God provides the Grace.
The 2014 Synod on the Family was a very exciting event which has an important bearing on marriage as seen through the eyes of the Church’s magisterium. Several people whom I was in contact with during the synod were very worried about the possible outcomes of the synod, given that, certain seemingly heretical positions were in the ascendency and seemed to have the backing of a large number of bishops and even cardinals. My general response to these people was, that God always provides us with sufficient grace to become holy, that is, to become saints. If we do not become saints by the time our earthly course is run, we most certainly cannot blame God, we cannot blame the Pope, we cannot blame bad bishops, bad parents or bad governments. For if God gives each one of us sufficient grace to become a saint, regardless of what tempests assail His Church, then we have only ourselves to blame if we do not make sufficient use of those graces in order to become holy and to become saints.
Sure we cannot do it on our own! We first and foremost need the divine assistance, provided to us by God, through His Church particularly through the grace of the sacrament of baptism. We also need the assistance of other men, fellow travellers along life’s difficult highway to heaven. But to start worrying, as if somehow the Church of Christ has lost its way or can ever lose its way, seems to me, to put one in danger of giving in to one of the devil’s smartest tactics which is to divert us from the universal call to holiness. “Martha, Martha, thou art careful, and art troubled about many things: But one thing is necessary. Mary hath chosen the best part, which shall not be taken away from her.” (Luke 10: 41-42)
Look to our Duties
My own sphere of influence in a world with almost seven billion people, is so minuscule as to be almost laughable. I have no influence over who the next pope will be or over who the next bishop of my diocese will be. I do however, have control over whether or not I become a saint, and whether or not I become a saint, will have a direct influence on those who know me for good or for ill and may be a determining factor in their becoming saints as well. In fact, there is no other purpose to my life other than that of becoming a saint. It is why God created me and it is what He expects of me. Nothing less will suffice.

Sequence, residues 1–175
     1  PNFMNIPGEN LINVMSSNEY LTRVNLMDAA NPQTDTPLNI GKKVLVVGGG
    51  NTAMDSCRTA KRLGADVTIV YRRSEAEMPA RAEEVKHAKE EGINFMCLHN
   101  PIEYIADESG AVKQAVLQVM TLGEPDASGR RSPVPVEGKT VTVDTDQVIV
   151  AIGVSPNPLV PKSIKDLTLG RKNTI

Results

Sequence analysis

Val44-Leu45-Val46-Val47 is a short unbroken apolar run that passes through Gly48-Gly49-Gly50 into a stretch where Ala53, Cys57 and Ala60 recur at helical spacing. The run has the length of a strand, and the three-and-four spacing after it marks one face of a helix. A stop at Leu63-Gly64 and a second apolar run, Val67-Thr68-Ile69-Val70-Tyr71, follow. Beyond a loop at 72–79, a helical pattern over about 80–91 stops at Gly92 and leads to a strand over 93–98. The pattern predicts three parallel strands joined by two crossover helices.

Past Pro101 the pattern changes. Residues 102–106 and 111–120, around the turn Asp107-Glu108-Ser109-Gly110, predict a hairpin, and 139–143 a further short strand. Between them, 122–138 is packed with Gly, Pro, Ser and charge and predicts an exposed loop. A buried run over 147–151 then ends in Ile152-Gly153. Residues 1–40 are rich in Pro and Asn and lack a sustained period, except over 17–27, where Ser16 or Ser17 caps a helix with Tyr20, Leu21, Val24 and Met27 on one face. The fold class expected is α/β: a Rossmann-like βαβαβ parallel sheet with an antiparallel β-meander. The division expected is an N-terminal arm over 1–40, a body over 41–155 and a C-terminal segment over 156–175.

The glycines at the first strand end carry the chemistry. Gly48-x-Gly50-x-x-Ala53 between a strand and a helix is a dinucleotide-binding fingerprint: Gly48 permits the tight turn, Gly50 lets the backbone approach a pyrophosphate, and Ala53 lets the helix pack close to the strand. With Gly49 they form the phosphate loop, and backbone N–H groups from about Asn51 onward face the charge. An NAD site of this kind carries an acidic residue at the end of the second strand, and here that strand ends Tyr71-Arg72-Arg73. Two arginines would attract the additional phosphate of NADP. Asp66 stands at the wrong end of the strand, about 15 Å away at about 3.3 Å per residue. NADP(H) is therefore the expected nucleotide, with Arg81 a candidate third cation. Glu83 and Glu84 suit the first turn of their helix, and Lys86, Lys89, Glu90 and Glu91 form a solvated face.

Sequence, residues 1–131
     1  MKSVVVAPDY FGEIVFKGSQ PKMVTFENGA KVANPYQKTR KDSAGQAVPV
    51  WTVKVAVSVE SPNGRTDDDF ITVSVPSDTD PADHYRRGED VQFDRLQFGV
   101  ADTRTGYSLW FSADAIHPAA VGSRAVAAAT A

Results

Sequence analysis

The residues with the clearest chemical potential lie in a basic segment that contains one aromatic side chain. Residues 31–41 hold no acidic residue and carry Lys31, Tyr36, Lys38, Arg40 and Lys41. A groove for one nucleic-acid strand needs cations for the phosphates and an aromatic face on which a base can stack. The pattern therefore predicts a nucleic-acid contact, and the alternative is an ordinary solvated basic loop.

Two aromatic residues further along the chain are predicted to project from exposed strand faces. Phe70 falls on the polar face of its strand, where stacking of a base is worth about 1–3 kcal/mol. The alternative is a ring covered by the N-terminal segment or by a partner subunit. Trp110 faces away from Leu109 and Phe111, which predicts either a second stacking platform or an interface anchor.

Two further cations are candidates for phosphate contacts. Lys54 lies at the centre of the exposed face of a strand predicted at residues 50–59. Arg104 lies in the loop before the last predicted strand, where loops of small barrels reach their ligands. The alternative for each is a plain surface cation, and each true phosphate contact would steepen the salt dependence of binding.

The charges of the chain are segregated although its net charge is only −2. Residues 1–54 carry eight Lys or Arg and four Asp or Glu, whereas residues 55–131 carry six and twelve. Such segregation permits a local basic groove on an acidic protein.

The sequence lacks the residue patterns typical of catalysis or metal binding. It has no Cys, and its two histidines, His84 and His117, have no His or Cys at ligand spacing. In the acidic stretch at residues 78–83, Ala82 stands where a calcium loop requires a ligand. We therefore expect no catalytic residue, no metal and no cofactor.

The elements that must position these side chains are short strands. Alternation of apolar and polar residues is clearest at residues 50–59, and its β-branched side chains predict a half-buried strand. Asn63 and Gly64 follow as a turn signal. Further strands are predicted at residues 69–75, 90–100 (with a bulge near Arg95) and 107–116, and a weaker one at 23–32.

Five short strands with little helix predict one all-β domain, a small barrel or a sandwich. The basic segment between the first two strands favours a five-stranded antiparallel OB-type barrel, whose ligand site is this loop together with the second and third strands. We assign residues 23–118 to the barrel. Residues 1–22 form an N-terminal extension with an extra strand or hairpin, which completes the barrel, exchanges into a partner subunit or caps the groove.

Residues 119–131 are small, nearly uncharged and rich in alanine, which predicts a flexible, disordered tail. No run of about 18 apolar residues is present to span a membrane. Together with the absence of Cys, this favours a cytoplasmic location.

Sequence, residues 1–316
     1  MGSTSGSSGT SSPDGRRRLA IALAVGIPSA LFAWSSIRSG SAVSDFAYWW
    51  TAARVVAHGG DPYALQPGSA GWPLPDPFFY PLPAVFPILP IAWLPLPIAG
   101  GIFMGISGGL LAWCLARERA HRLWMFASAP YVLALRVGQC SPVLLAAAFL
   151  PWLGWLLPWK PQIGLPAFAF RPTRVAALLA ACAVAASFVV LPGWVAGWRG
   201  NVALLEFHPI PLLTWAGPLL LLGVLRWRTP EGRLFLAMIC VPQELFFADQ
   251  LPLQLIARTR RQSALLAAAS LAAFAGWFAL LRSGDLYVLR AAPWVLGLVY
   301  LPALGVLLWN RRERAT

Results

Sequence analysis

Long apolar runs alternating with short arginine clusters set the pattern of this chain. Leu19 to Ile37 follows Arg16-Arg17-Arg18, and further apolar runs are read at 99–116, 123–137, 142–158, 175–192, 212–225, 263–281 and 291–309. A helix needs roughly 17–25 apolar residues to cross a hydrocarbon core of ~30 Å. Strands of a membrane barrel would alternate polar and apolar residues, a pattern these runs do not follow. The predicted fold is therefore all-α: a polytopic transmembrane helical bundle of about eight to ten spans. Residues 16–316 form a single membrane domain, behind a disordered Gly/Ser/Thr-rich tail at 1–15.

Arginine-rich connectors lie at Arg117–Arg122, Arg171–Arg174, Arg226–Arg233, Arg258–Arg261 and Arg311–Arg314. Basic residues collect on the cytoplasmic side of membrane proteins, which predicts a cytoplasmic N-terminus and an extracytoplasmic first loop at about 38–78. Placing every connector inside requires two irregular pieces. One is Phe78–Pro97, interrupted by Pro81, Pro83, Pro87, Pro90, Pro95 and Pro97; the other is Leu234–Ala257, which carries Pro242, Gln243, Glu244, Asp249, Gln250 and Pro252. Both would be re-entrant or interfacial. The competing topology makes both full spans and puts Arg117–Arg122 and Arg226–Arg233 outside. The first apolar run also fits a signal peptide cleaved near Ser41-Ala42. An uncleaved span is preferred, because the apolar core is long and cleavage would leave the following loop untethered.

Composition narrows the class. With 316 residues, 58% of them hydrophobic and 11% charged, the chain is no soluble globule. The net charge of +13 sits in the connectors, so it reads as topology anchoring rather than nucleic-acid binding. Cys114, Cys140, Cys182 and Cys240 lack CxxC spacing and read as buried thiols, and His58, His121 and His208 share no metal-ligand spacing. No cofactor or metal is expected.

Church history is full of examples of crisis, of schismatics and of heretics. St Jerome, writing of the Arian heresy famously said “that the whole world woke up one morning, lamenting and marvelling to find itself Arian”, and yet here we are, more than two thousand years after the resurrection, professing the same faith as Peter and the apostles. God does not abandon His Church!
Jovinian the Heretic
Let us now turn to a man named Jovinian. Jovinian was a priest and a monk who lived in the late fourth century dying in the year four hundred and six. He became fed up with the austerities of the monastic life and looking at the world around him, it is also possible that he became somewhat jealous of married people who may have seemed to be enjoying life more than he. He began to spread the notion that the virginal state of life was no better than the chaste life of married people. It was said of him that his writings even encouraged consecrated virgins to marry. Jovinian eventually arrived at the logical conclusion of his own erroneous opinion, and he stated that Mary lost her virginal state in giving birth to Jesus.
Not a Chance